Thomas Martin was studying parenting behavior among wild birds in Venezuela when a drought hit in 2008. In one species, the gray-breasted wood wren (Henicorhina leucophrys), the number of active nests in his team’s study area declined from 65 in 2007 to just 7 during the drought, the University of Montana wildlife biologist says.

Reproduction comes at a cost, because animals must expend energy producing and caring for their young, so Martin wondered what effect this temporary drop in reproduction might have on the adult birds’ survival rates. To find out, he set up another experiment in 2009, this one in the forests of Borneo. With then–graduate student James Mouton and their field assistants, Martin caught and banded birds, and began to record nest locations and bird sightings. Seven years later, a drought hit.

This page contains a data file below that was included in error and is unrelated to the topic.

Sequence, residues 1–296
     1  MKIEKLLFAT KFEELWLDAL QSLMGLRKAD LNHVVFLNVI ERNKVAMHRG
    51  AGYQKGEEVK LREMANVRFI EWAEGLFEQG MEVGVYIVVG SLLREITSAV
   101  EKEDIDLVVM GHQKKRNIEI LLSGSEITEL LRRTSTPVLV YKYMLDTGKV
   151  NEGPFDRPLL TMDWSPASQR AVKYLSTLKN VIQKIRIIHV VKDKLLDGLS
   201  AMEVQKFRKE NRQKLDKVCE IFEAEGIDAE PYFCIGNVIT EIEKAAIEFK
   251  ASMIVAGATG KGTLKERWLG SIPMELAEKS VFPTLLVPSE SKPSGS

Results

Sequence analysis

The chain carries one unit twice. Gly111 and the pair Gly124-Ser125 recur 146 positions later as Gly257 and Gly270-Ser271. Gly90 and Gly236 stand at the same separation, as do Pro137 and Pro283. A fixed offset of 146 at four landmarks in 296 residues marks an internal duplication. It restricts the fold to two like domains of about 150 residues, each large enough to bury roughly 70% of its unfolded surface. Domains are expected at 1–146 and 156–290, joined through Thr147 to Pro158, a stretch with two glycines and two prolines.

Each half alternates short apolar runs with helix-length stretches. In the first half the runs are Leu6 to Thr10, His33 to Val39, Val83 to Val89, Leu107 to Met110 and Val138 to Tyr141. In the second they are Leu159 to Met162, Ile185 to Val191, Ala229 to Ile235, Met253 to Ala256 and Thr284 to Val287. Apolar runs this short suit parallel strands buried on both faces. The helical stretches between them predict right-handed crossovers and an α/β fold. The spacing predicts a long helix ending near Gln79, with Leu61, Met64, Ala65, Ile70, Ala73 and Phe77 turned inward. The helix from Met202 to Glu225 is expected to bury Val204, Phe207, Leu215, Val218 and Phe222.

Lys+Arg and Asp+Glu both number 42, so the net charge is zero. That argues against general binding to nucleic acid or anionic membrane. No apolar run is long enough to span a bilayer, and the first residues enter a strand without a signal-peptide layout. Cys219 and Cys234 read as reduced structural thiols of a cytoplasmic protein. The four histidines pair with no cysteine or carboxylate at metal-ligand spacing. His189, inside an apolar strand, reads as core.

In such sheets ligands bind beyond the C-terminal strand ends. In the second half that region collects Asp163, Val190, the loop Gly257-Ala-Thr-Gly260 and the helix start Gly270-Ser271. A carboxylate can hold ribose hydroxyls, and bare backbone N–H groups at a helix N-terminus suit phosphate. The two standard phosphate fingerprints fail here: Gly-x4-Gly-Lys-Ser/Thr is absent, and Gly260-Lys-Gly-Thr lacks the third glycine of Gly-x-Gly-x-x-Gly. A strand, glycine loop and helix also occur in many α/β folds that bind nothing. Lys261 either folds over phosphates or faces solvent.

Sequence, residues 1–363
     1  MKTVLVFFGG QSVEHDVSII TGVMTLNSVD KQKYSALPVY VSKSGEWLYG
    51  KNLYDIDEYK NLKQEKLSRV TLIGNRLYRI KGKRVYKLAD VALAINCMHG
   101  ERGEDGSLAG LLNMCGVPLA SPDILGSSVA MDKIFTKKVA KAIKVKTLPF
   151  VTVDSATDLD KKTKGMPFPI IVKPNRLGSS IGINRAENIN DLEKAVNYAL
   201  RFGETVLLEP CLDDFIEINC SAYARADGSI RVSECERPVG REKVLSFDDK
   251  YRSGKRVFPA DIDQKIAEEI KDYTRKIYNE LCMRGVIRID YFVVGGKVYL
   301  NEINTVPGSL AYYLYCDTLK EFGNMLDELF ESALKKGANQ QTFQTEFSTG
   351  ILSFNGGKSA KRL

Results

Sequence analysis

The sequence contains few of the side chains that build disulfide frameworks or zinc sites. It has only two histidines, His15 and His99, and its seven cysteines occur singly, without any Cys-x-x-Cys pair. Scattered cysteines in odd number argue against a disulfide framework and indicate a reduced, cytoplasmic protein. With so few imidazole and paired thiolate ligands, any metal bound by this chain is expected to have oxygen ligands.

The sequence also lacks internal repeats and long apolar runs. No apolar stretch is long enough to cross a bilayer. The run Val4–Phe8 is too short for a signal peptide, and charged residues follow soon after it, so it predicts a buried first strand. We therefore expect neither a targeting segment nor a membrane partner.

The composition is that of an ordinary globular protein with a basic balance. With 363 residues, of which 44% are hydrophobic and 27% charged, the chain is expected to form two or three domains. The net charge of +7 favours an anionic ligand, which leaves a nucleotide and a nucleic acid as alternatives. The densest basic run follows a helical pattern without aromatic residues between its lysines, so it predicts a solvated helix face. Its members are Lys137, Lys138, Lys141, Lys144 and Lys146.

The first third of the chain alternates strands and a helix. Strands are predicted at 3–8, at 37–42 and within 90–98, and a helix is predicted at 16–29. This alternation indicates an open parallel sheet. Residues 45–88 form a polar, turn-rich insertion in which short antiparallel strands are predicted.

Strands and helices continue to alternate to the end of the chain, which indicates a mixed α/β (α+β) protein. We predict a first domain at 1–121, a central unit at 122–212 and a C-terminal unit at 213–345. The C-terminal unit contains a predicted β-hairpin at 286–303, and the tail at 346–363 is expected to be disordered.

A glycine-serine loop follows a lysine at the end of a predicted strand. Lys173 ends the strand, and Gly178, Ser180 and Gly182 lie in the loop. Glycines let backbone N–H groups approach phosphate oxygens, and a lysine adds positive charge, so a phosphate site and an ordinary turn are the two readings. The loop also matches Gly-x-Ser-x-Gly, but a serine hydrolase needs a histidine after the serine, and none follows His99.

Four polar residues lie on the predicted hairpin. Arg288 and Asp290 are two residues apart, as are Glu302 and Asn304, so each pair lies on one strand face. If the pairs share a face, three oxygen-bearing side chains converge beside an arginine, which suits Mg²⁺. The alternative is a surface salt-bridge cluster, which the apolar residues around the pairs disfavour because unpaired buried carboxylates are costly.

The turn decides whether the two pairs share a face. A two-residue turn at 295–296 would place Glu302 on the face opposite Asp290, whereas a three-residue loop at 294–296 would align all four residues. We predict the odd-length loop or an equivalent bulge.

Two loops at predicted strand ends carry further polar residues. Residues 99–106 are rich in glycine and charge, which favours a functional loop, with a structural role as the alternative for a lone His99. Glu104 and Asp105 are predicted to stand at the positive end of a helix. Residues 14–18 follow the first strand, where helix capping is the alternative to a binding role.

It wasn’t as severe as the one in Venezuela in 2008, where there was a more than 50 percent average reduction in nests across 18 species, and Martin suspects that’s why the effects he and his team saw in Borneo weren’t as extreme. Still, the 20 bird species studied in Borneo reduced the number of nests in which they laid eggs by an average of 36 percent compared with the year before. The level of reduction varied among species, with long-lived birds—those with average lifespans of about 10 or more years—reducing their reproduction the most. And in contrast to past studies that indicated that birds’ survival drops during droughts, survival rates increased in the species that were most inclined to hold off on having offspring.

“The contrast between long-lived and short-lived species in how they cope with a stressful environment is striking,” writes Rosemary Grant, an emeritus biologist at Princeton University who was not involved in the study, in an email to The Scientist. The research, she says, “provides a good example of the value of long-term studies.”

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